United States District Court, D. Nevada
ORDER DENYING MOTIONS TO RECONSIDER AND TO STRIKE AND
SETTING DETENTION HEARING (ECFNOS. 84, 88)
P. GORDON UNITED-STATES DISTRICT JUDGE
granted defendant William Ebron's motion to vacate his
conviction for brandishing a firearm during a "crime of
violence" under 18 U.S.C. § 924(c). Because this
was Ebron's only conviction in this case, I ordered the
government to show cause why Ebron should not be released
Reconsideration of my prior order
response to my order, the government asked me to reconsider
my decision. ECF No. 82. Ebron moved to strike that response
because the government had already filed an appeal, divesting
me of jurisdiction to entertain reconsideration. ECF No. 84.
The government concedes that its appeal may have been
premature, but suggests a "pragmatic" solution
would be for me to indicate my willingness to consider its
request for reconsideration (so the government knows whether
to move to dismiss its appeal). ECF No. 86.
government's motion for reconsideration raises two
arguments: (1) that Ebron procedurally defaulted the argument
he made in support of his original motion, and (2) that
because he admitted to committing the lesser included offense
of Hobbs Act Conspiracy, I should sentence him for that. I
deny the government's motion. See Fed. R. Civ.
P. 62.1(a)(2). See also, Fed. R. Crim. P. 37(a)(2).
procedural default argument fails for a few reasons. First,
procedural default is an affirmative defense that the
government can waive. Trest v. Cain, 522 U.S. 87, 89
(1997). The government admits that it did not raise this
defense until after I granted Ebron's motion to vacate.
Second, even if the government had timely raised this
argument, I would join the courts holding that procedural
default is excused in cases like this. See Alvarado v.
U.S., 2016 WL 6302517, *3 (CD. Cal. Oct. 14, 2016)
("[I]n the wake of Johnson, courts in the Ninth
Circuit have held that a section 2255 motion based on a
Johnson claim is not procedurally defaulted because
the claim was not 'reasonably available' prior to
Johnson:') (citation omitted); U.S. v.
Chilton, 2016 WL 6518665, *3 (N.D. Cal. Oct. 11, 2016)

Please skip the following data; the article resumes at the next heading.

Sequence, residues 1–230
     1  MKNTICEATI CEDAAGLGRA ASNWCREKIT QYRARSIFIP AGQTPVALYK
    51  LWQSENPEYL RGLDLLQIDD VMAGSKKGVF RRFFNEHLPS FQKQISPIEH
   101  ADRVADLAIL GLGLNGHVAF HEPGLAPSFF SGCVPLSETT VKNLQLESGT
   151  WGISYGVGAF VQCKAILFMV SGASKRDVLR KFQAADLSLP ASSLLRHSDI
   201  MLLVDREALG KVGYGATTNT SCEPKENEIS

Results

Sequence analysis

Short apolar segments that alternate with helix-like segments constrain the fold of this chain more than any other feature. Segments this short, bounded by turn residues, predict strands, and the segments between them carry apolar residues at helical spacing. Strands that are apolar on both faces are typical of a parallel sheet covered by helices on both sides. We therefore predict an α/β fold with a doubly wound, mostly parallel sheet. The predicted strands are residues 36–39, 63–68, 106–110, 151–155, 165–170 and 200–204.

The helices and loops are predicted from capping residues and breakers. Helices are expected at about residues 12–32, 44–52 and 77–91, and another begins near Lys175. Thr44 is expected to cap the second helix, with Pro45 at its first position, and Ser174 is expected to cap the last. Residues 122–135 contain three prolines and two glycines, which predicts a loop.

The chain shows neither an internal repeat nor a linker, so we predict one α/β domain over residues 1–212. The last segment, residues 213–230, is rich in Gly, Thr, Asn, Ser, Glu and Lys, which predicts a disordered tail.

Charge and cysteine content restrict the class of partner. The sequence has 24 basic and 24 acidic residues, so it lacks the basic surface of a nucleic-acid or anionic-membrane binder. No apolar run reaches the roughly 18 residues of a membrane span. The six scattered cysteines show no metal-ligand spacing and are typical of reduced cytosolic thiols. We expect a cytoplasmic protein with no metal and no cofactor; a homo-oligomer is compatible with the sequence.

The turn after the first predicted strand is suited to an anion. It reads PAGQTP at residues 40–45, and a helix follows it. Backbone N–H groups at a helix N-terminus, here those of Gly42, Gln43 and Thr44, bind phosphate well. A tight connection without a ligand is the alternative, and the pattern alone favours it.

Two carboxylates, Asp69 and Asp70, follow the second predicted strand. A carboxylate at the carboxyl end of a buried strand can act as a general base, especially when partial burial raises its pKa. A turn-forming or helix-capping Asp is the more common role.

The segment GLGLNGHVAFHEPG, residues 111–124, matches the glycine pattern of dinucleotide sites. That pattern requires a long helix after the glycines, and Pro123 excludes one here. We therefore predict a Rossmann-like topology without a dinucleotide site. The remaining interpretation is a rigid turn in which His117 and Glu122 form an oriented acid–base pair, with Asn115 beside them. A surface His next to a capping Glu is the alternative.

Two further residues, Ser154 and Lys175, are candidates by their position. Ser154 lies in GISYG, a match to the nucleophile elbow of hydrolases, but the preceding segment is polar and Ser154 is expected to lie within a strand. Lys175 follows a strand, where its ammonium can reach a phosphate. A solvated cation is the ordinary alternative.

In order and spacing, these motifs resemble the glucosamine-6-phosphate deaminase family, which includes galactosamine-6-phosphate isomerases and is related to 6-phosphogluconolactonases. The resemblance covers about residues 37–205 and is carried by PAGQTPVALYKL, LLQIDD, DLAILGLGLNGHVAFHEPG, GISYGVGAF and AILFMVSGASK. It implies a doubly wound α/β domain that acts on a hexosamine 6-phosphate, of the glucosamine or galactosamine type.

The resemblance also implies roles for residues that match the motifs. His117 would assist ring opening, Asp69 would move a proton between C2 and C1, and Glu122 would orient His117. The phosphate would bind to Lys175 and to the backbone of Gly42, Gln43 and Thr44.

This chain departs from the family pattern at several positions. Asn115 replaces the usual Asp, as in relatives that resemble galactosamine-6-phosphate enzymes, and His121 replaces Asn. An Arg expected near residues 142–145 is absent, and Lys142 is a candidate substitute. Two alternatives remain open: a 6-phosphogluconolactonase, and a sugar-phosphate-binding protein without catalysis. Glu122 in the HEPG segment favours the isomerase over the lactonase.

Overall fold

(same); U.S. v. Santos, 2016 WL 5661553, *3 (CD.
Cal. Sept. 9, 2016) (petitioner satisfied "cause*'
prong of the test for avoiding procedural default of
Johnson-based challenge to his sentence under the
Career Offender Guideline residual clause); U.S. v.
McGary, 2016 WL 4126451, *2 (N.D. Cal. Aug. 3, 2016)
the government's argument that Ebron should be sentenced
for conspiracy to commit Hobbs Act robbery merely because he
admitted to the underlying facts in his plea agreement, the
government offers scant authority to support its position. It
cites a single case where the Supreme Court addressed this
issue in dicta only. There, the Court stated that it need not
"consider the precise limits on the appellate
courts' power to substitute a conviction on a lesser
offense for an erroneous conviction of a greater
offense." Rutledge v. United States, 517 U.S.
292, 306 (1996). In Rutledge, as in the cases cited
by the Supreme Court on this point, the defendant was
convicted of both the greater offense and the lesser included
offense. Id. (and cases cited there). Here, Ebron
was not convicted of Hobbs Act Conspiracy, so it is not
appropriate to sentence him on that charge.
these reasons, I deny the government's motion to
Ebron's release pending appeal
government requests that Ebron remain in custody pending its
appeal of my order. Pursuant to 18 U.S.C. § 3143(c), I
am to treat the defendant in accordance with 18 U.S.C. §
3142. Thus, I will hold a hearing on whether to release or
detain Ebron on Monday, September 18, 2017 at 2:00 p.m. in
Las Vegas courtroom 6C. The Pretrial Services Office will
contact Ebron's counsel to arrange an interview with
Ebron before that hearing. The parties may file briefs on
whether Ebron should be detained by 12:00 noon on Friday,
September 15, 2017.
THEREFORE ORDERED that the defendant's motion to strike
(ECF No. 84) is DENIED as moot.
FURTHER ORDERED that the government's motion to
reconsider (ECF No. 88) is DENIED.
FURTHER ORDERED that a detention hearing will be conducted on
Monday, September 18, 2017 at 2:00 p.m. in
Las Vegas courtroom 6C. The parties may file briefs on
whether Ebron should ...